Future Scenarios

26.04.2016

In the first post of this social ecology series we looked at the connection between democracy and ecology. We also explained why social ecology is a particular strand within what is more broadly called political ecology, and touched upon the issue of what the environmental crisis looks like where we live. In this post we are looking to the future, to get a perspective on the choices that our communities and regions face.

Predicting the future

Why make predictions about the future? Well, one reason for doing so is to avoid ill-founded assumptions about the future and to avoid getting stuck with one stereotypic genre when thinking about it. In general we have a tendency to imagine  that everything stays the way things are, or that everything goes to hell no matter what we do. Or perhaps we enjoy the thought that new technologies will solve all of our problems. If we explore multiple future scenarios more carefully, however, we are better equipped to understand the choices ahead of us.

To begin with we will look at the work of Great Transition Initiative (GTI). This is an initiative that has emerged from The Global Scenario Group who for a long time has developed future scenarios for the UN environmental organ UNEP and other institutions. The work of GTI aims at studying contemporary trends, as well as analyzing the preconditions for the social transformation we desire.

Video: Take a look at this short presentation of the GTI’s way of seeing the future and the forces that shape it.

Video: Look also at this somewhat slower clip where Paul Raskin explains how they think in more detail.

You can read more about the scenarios presented by the Great Transition Initiative here (NB! Click on the images to read more about the respective scenarios).

What makes the future?

Before we proceed with another future scenario study that focuses on the future of cities, it is fitting to reflect on what forces that decides what future we get. The image below summarizes the Great Transition Initiative’s view on this. They separates forces into proximate and ultimate drivers.

Social change happens through changes of both the proximate and ultimate drivers. Much of present day politics is limited to only the proximate drivers. In order to achieve a  “great transition,” on the other hand, deep changes that not only deals with the direct drivers, but also the ultimate drivers, are required - we have to change values, culture, understandings, and not the least power structures. The question how we do this will be following us throughout this series of posts on social ecology.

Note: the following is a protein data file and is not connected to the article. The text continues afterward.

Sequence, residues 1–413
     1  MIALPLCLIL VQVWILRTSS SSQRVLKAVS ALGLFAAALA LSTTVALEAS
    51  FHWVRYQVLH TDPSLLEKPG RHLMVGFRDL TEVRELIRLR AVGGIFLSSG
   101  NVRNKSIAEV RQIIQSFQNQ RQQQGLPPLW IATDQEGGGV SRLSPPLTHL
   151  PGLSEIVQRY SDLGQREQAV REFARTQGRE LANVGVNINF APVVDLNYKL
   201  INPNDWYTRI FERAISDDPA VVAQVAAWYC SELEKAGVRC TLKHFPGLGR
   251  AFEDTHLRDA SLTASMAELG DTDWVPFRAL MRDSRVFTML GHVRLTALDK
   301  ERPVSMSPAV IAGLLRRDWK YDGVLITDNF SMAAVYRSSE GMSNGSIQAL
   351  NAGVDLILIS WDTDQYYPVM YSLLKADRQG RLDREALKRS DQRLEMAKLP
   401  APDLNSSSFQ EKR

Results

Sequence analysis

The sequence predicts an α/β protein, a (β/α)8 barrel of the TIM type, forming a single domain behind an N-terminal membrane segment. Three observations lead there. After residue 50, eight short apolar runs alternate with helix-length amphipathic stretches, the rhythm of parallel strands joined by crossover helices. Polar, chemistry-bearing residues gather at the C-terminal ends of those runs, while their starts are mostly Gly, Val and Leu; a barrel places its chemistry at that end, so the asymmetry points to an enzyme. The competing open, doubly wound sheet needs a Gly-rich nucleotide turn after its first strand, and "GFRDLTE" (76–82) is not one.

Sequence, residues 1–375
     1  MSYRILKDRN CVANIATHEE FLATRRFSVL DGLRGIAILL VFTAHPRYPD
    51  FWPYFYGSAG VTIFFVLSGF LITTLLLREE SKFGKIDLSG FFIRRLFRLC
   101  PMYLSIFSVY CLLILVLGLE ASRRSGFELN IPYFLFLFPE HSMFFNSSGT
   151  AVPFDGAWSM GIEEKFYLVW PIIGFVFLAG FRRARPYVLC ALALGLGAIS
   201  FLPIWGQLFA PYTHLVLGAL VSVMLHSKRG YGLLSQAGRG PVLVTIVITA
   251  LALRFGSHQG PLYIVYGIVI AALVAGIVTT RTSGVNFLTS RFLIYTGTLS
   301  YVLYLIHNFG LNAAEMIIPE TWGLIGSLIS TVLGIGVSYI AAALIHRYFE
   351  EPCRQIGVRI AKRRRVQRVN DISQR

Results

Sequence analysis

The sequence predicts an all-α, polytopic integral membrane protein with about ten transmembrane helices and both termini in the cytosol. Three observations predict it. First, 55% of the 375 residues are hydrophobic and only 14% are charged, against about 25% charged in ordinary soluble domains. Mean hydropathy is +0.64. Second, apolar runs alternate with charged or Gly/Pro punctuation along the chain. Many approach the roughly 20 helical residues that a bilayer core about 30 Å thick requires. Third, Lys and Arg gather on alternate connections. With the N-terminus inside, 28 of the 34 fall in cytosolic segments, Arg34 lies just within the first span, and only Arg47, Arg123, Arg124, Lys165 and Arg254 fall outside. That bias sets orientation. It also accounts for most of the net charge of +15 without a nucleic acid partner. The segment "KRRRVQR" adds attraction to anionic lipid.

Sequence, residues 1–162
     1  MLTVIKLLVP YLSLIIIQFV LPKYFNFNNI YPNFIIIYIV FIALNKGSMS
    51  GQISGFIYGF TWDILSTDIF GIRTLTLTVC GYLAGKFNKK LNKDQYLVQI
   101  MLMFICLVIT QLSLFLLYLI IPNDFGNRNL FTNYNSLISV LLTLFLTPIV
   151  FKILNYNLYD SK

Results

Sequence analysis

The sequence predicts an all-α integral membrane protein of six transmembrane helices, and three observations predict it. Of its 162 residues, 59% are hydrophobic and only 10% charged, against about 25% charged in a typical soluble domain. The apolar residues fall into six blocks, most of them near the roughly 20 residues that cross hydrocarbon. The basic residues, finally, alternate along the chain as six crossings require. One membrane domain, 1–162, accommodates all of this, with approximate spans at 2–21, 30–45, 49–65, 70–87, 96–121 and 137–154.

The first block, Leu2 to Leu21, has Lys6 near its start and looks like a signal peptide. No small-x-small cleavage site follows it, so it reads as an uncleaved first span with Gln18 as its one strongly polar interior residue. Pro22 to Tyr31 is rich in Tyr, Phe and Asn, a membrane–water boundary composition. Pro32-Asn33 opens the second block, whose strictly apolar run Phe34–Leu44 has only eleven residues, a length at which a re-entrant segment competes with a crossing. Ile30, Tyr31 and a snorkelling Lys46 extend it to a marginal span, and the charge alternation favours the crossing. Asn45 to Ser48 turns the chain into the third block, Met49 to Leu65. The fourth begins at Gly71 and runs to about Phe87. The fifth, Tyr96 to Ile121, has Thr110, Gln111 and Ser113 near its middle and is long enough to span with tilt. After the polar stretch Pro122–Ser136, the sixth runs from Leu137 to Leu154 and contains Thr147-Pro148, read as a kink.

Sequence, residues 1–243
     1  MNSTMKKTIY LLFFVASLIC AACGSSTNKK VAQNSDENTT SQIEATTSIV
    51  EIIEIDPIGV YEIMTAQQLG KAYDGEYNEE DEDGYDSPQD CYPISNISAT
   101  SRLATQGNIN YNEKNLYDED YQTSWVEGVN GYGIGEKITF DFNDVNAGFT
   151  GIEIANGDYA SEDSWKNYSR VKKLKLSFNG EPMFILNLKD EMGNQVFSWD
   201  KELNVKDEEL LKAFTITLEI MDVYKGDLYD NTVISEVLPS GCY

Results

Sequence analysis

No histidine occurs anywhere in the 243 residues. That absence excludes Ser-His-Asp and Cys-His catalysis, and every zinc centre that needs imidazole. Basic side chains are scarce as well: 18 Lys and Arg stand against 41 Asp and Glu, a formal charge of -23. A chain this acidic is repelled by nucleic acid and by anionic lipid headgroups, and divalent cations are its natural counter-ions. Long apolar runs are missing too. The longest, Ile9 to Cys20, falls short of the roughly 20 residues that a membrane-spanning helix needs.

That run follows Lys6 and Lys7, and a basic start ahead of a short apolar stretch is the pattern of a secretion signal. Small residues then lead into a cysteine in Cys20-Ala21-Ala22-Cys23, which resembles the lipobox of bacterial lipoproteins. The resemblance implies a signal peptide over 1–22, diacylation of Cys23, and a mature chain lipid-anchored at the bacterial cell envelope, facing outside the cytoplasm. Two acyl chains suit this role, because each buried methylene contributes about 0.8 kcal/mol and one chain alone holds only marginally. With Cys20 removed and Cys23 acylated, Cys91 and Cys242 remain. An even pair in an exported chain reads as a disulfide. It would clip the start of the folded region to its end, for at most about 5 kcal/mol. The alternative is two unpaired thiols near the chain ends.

The future of cities

The question of social change and how to achieve a  “great transition” become more concrete when we approach it from a local perspective: How do the problems that we face look at the local level -- in our cities and municipalities? As food for thought on the future of cities we will now turn to Resilient Cities: Responding to Peak Oil and Climate Change by Peter Newman, Timothly Beatley and Heather M. Boyer.

Take a look at the chapter ”Four Scenarios for the Future of Cities: Collapse, Ruralized, Divided, or Resilient City”

As the title indicates, the book is about how cities can relate to and handle not only climate change, but also “peak oil” (when oil production peaks globally and thereafter shrinks). 

The authors’ point of departure is that these changes challenge cities in a number of ways. Cities can act forcefully according to these predictions and thereby handle the challenges, or they can fail doing so and become victims of rising oil prices and an altered climate and face all the consequences that comes with this. To put it simple, the authors of this book envision a future with cities marked by either fear or hope. Those cities that are marked by hope are those that succeed to rise to the challenges and build resilience - that is, a city life that endures the pressures that will be caused by the decline of cheap fossil fuels and a more or less altered climate.

The text is also a contribution to the discussion about what constitutes a sustainable transition. To what extent do the transition require large, common, municipal and regional efforts in combination with lifestyle changes, and to what extent is it reasonable to focus more unilaterally on incremental improvements on the household and individual level? 

The authors don’t discard the work for improvements on the household and individual level, but they argue that a one-sided focus on such changes leads to fragmented landscapes: with enclaves of a few neighborhoods that thrives, and a majority of neighborhoods that live with all the more difficulties because of peak oil and climate change.

The conclusion from a social ecology perspective is that addressing power structures and pushing for comprehensive changes on a political and economical level have much better chances to create a just and ecological city.

This is the second of a series of posts that was originally written for a study group on social ecology in Sweden. If you want to organize a study group on this series yourself, here are some questions you might discuss based on the material in this post.

Questions:

  • Use your local horizon as a point of departure and think about the following questions: what speaks in favor of the respective scenarios described by the Global Scenario Group and in the book on Resilient cities? What forces dictates the development where you live?
  • What kind of future social development do you want to see? What do you think that you can do in order to makes this real?
  • How do you think it is possible to change the proximate and ultimate drivers of the place in which you live?